Sunday, November 25, 2007

Sunday-afternoon viewing: the power of convention

Saw two movies this holiday week-end for the first time in maybe a decade and while the two could not be more disparate in theme and tone (The Coen Brother’s No Country for Old Men and Seinfeld’s Bee Movie), the combined experience of the audience reactions reinforced my generally cranky instincts about our deep investment in genre convention.

Like most of the pro critics, I found No Country pretty fantastic. The first half hour takes you right away; the clockwork structure, the breathtaking cinematography, the acting. Even the Coen brothers characteristic vices (easy glibness, playing with violence for effect) are replaced by a seriousness about the characters. And yet, most of the audience in the full suburban theater I saw it in
weren't happy with the ending. They voiced their disappointment out loud: “I want my money back," "It was such a good movie at the beginning.” I obviously don’t want to spoil it for anyone, but it’s fair to say that the movie undermines your expectations for a certain kind of conventional Western conclusion. The ending is totally consistent with the structural and narrative terms of the movie, but my audience didn’t care. They wanted Clint Eastwood. It reminded me once again how deeply invested we are in genre conventions and how little tolerance we have for cultural expressions that don't follow the rules.

Speaking of cultural conventions, Bee Movie falls right into the sarcastic center of kid culture these days, with the same knowing, ironic tone of the revolting Shrek franchise, and lots of screen time filled up with half-hearted set-pieces satirizing (or pretending to satirize) adult culture (Larry King, Goodfellas, The Graduate). There is even a twenty minute court-room drama parody. What? I realize these things are supposed to keep the adults entertained (aren't we clever that we can recognize scenes from other famous movies), but it seems more like a failure of the imagination. When did kid movies become nothing more than an excuse to create set pieces for easy jokes? My kids stared at the screen just hoping something would happen beyond listening to the Seinfeld character do his Bee stand-up routine. Do people really like this stuff? A bee version of Larry King?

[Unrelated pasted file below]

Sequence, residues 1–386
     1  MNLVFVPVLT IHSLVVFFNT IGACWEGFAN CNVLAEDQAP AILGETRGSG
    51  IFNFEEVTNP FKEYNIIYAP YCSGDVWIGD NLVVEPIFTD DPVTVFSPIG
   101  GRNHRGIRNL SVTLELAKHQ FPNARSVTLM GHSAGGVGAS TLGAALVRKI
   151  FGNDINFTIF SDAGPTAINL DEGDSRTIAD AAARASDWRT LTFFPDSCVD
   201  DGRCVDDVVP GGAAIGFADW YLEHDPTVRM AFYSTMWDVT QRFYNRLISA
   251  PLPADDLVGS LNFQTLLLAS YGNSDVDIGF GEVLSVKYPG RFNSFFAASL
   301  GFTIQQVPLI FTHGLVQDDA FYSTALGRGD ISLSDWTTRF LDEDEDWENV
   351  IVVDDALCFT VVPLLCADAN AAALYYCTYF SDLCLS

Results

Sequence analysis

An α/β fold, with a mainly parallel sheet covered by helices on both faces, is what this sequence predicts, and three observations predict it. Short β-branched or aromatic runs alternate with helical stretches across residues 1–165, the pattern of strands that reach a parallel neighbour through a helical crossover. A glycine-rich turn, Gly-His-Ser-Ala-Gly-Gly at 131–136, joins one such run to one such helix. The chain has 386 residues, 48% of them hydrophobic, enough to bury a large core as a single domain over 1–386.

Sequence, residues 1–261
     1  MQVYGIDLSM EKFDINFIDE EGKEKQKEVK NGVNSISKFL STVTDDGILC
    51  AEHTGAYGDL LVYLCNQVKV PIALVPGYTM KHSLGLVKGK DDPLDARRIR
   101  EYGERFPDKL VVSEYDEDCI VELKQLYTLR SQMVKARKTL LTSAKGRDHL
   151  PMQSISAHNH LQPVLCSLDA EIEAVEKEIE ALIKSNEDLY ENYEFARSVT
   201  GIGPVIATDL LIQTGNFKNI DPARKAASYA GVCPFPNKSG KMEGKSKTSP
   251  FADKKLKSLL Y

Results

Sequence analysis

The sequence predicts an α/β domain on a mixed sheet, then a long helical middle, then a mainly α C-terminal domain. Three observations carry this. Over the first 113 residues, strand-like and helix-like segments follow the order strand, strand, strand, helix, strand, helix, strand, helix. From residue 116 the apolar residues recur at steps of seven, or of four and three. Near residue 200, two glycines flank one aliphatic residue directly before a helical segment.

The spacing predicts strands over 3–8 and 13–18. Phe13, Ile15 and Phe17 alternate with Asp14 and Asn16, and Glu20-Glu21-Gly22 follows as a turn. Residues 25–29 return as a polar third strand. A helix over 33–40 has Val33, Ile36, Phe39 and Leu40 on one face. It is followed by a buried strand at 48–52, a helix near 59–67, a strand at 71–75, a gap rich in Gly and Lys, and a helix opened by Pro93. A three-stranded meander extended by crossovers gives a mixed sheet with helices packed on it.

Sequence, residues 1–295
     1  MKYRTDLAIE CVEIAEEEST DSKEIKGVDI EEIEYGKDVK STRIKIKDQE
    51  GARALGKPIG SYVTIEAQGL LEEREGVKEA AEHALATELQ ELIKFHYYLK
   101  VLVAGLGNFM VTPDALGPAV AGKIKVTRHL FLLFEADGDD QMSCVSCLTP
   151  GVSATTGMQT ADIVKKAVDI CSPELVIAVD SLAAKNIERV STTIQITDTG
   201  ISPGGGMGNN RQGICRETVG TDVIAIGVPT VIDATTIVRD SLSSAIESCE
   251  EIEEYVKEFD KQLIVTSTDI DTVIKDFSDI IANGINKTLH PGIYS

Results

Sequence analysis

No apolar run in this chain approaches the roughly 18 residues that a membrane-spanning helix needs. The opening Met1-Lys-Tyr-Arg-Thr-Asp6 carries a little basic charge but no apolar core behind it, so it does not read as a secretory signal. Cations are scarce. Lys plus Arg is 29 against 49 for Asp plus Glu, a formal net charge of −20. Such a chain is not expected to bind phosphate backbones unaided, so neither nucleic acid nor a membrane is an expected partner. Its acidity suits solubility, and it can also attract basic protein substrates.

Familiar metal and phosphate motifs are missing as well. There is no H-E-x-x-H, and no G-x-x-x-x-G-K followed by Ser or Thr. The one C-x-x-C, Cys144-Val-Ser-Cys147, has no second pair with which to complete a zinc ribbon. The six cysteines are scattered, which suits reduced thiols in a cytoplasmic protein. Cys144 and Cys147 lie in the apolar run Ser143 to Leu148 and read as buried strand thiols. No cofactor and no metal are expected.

But has anyone else mentioned the movie is practically an allegory for Seinfeld’s own professional life. (Spoiler alert: don't read further if the plot of Bee Movie is important to your viewing satisfaction). A bee rebels against the conventions of the hive because he doesn’t want to do one job for the rest of his life. When the bee’s rebellion is surprisingly successful and they get all the honey they've ever made back, the hive stops production because they have more honey than they know what to do with. The bees slip into aimless and unsatisfying lives of leisure. Unfortunately, this has disastrous effects on the natural world (no pollination, no flowers, etc) and the bees realize they need to get back to work to save the world. Maybe it wasn’t all about the honey after all? Sucks to become irrelevant, doesn’t it?

1 comment:

Brad Noble said...

No Country was the best movie based on a book I've ever seen. A perfect complement.

To the people who wanted a cleaner ending: this story is input that can make you more interesting at cocktail parties from now on.